Oslo Opera House tickets 15 May 2025 - Così fan tutte | GoComGo.com

Così fan tutte

Oslo Opera House, Oslo, Norway
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6 PM
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US$ 114

E-tickets: Print at home or at the box office of the event if so specified. You will find more information in your booking confirmation email.

You can only select the category, and not the exact seats.
If you order 2 or 3 tickets: your seats will be next to each other.
If you order 4 or more tickets: your seats will be next to each other, or, if this is not possible, we will provide a combination of groups of seats (at least in pairs, for example 2+2 or 2+3).

Important Info
Type: Opera
City: Oslo, Norway
Starts at: 18:00
Acts: 2
Intervals: 1
Duration: 3h 10min
Sung in: Italian
Titles in: Norwegian,English

E-tickets: Print at home or at the box office of the event if so specified. You will find more information in your booking confirmation email.

You can only select the category, and not the exact seats.
If you order 2 or 3 tickets: your seats will be next to each other.
If you order 4 or more tickets: your seats will be next to each other, or, if this is not possible, we will provide a combination of groups of seats (at least in pairs, for example 2+2 or 2+3).

Cast
Performers
Mezzo-Soprano: Annie Fredriksson (Dorabella)
Tenor: Eirik Grøtvedt (Ferrando)
Soprano: Frøy Hovland Holtbakk (Fiordiligi)
Conductor: Giulio Cilona
Baritone: James Newby (Guglielmo)
Orchestra: Norwegian National Opera Orchestra
Creators
Composer: Wolfgang Amadeus Mozart
Director: Katrine Wiedemann
Librettist: Lorenzo Da Ponte
Overview

Mozart’s comic opera about love as an assembly kit.

Alfonso works at IKEA. After many years in the job, he has become tired of seeing young couples walking around with the familiar yellow and blue bags, happiness in their eyes and holding the hand of their future ex. So, he decides to challenge two of them …

The future can be remodelled 
Two young couples have a happy future together – or so they believe. The two men in the relationship, Ferrando and Guglielmo, are challenged by the older and more cynical Alfonso and Despina: “Would your girlfriends, Dorabella and Fiordiligi, be able to resist being seduced by other men?” 

From IKEA, we join them on a turbulent journey. The four young people discover that what they believed to be true and forever, can be disassembled – and reassembled again. This makes Così fan tutte from 1790 a surprisingly modern work about love, with the entire range of human emotions on display.

Perfectly attuned couple who changed the history of opera 
Così fan tutte was originally called ‘The School for Lovers’, which is still the subtitle. It was Mozart’s final collaboration with librettist Lorenzo da Ponte, a duo that was to change opera history forever and were behind such successes as Figaro’s Wedding and Don Giovanni. Così fan tutte ended up being one of Mozart’s last works and reflects a mature musical genius – both then and now. 

History
Premiere of this production: 26 January 1790, Burgtheater, Vienna

Così fan tutte, ossia La scuola degli amanti (All Women Do It, or The School for Lovers), is an Italian-language opera buffa in two acts by Wolfgang Amadeus Mozart first performed on 26 January 1790 at the Burgtheater in Vienna, Austria. The libretto was written by Lorenzo Da Ponte who also wrote Le nozze di Figaro and Don Giovanni.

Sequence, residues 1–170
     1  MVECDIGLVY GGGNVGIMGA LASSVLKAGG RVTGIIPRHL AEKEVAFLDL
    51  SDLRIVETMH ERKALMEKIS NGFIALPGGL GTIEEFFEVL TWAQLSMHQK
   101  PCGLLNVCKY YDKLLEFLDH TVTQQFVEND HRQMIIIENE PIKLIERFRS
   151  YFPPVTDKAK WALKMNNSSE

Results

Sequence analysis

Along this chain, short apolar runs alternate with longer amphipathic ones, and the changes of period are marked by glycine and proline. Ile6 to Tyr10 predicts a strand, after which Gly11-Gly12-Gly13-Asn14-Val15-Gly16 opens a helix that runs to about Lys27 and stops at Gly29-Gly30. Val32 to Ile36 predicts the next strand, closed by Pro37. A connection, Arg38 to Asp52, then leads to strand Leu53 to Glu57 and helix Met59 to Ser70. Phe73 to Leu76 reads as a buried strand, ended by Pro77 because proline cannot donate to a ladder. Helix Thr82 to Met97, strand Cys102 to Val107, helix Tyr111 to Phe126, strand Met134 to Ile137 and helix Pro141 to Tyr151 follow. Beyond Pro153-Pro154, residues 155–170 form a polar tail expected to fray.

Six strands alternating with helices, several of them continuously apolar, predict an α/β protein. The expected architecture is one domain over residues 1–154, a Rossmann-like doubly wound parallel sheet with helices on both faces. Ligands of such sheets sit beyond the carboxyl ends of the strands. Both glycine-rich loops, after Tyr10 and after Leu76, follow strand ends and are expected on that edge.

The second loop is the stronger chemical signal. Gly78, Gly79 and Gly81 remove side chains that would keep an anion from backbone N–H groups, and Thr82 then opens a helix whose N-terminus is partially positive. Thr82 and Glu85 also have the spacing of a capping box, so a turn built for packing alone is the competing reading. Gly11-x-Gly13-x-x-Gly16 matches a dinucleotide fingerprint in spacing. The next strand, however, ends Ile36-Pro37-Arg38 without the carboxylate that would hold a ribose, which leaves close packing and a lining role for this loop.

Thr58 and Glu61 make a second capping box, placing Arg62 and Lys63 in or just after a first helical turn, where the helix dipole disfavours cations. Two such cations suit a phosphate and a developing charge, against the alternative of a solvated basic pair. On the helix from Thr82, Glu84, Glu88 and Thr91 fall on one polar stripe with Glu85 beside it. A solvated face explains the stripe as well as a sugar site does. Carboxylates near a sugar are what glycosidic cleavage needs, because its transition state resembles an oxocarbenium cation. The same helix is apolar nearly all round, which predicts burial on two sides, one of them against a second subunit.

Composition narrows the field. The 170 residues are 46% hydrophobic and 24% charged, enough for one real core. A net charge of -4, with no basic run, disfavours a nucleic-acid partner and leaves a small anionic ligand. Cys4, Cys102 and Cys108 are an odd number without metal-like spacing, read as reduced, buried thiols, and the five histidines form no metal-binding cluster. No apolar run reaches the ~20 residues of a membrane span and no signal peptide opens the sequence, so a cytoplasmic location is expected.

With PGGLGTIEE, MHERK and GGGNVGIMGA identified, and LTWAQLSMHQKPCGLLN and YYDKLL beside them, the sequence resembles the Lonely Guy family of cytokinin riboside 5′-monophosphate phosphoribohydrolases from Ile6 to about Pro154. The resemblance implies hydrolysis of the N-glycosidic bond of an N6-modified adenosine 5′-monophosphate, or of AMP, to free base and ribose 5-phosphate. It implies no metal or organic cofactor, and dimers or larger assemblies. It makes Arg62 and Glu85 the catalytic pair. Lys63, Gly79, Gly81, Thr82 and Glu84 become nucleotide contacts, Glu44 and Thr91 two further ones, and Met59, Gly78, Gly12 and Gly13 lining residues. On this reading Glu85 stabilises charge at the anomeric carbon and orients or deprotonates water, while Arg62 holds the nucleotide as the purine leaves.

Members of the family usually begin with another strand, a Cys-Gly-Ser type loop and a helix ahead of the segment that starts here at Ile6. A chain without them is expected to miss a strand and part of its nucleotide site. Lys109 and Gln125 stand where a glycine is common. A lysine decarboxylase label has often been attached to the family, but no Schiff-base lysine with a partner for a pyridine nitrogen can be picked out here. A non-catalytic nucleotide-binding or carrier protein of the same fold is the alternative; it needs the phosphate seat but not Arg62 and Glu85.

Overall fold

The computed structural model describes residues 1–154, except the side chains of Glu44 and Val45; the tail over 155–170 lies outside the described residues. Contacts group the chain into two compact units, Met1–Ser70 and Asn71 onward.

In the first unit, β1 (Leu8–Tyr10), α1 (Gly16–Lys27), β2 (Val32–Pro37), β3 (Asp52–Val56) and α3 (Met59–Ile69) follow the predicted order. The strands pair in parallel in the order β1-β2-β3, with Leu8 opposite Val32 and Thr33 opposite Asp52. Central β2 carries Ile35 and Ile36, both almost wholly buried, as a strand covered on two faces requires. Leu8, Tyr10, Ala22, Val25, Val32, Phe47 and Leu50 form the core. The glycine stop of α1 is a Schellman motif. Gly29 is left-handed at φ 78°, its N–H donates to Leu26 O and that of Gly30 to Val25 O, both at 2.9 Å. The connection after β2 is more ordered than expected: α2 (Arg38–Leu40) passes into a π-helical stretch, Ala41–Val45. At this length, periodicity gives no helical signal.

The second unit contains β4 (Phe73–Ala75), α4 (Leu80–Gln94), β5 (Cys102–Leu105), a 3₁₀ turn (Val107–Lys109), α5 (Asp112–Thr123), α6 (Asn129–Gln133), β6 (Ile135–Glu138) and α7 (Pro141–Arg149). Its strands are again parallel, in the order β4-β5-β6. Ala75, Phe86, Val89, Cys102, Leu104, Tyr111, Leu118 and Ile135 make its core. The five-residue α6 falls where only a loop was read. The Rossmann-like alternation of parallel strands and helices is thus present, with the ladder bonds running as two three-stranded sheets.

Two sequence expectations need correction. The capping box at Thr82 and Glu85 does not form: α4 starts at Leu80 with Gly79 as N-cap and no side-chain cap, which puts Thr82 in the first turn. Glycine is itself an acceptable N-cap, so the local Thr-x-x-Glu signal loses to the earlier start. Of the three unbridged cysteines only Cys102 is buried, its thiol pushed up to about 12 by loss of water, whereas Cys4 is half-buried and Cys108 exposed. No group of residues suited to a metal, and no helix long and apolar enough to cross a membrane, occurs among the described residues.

Synopsis

Mozart and Da Ponte use the theme of "fiancée swapping", which dates back to the 13th century; notable earlier versions are found in Boccaccio's Decameron and Shakespeare's play Cymbeline. Elements from Shakespeare's The Taming of the Shrew are also present. Furthermore, it incorporates elements of the myth of Procris as found in Ovid's Metamorphoses, vii.

Place: Naples
Time: the 18th century

Act 1
Scene 1: A coffeehouse

In a cafe, Ferrando and Guglielmo (two officers) express certainty that their fiancées (Dorabella and Fiordiligi, respectively) will be eternally faithful. Don Alfonso expresses skepticism and claims that there is no such thing as a faithful woman. He lays a wager with the two officers, claiming he can prove in a day's time that those two, like all women, are fickle. The wager is accepted: the two officers will pretend to have been called off to war; soon thereafter they will return in disguise and each attempt to seduce the other's lover. The scene shifts to the two women, who are praising their men (duet: "Ah guarda sorella"—"Ah look sister"). Alfonso arrives to announce the bad news: the officers have been called off to war. Ferrando and Guglielmo arrive, brokenhearted, and bid farewell (quintet: "Sento, o Dio, che questo piede è restio"—"I feel, oh God, that my foot is reluctant"). As the boat with the men sails off to sea, Alfonso and the sisters wish them safe travel (trio: "Soave sia il vento"—"May the wind be gentle"). Alfonso, left alone, gloatingly predicts that the women (like all women) will prove unfaithful (arioso: "Oh, poverini, per femmina giocare cento zecchini?"—"Oh, poor little ones, to wager 100 sequins on a woman").

Scene 2: A room in the sisters' home

Despina, the maid, arrives and asks what is wrong. Dorabella bemoans the torment of having been left alone (aria: "Smanie implacabili"—"Torments implacable"). Despina mocks the sisters, advising them to take new lovers while their betrotheds are away (aria: "In uomini, in soldati, sperare fedeltà?"—"In men, in soldiers, you hope for faithfulness?"). After they leave, Alfonso arrives. He fears Despina will recognize the men through their disguises, so he bribes her into helping him to win the bet. The two men then arrive, dressed as mustachioed Albanians (sextet: "Alla bella Despinetta"—"Meet the pretty Despinetta"). The sisters enter and are alarmed by the presence of strange men in their home. The "Albanians" tell the sisters that they were led by love to them (the sisters). However, the sisters refuse to give in. Fiordiligi asks the "Albanians" to leave and pledges to remain faithful (aria: "Come scoglio"—"Like a rock"). The "Albanians" continue the attempt to win over the sisters' hearts, Guglielmo going so far as to point out all of his manly attributes (aria: "Non siate ritrosi"—"Don't be shy"), but to no avail. Ferrando, left alone and sensing victory, praises his love (aria: "Un'aura amorosa"—"A loving breath").

Scene 3: A garden

The sisters are still pining. Despina has asked Don Alfonso to let her take over the seduction plan. Suddenly, the "Albanians" burst in the scene and threaten to poison themselves if they are not allowed the chance to woo the sisters. As Alfonso tries to calm them, they drink the "poison" and pretend to pass out. Soon thereafter, a "doctor" (Despina in disguise) arrives on the scene and, using magnet therapy, is able to revive the "Albanians". The men, pretending to hallucinate, demand a kiss from Dorabella and Fiordiligi (whom the "Albanians" call goddesses) who stand before them. The sisters refuse, even as Alfonso and the doctor (Despina) urge them to acquiesce.

Act 2
Scene 1: The sisters' bedroom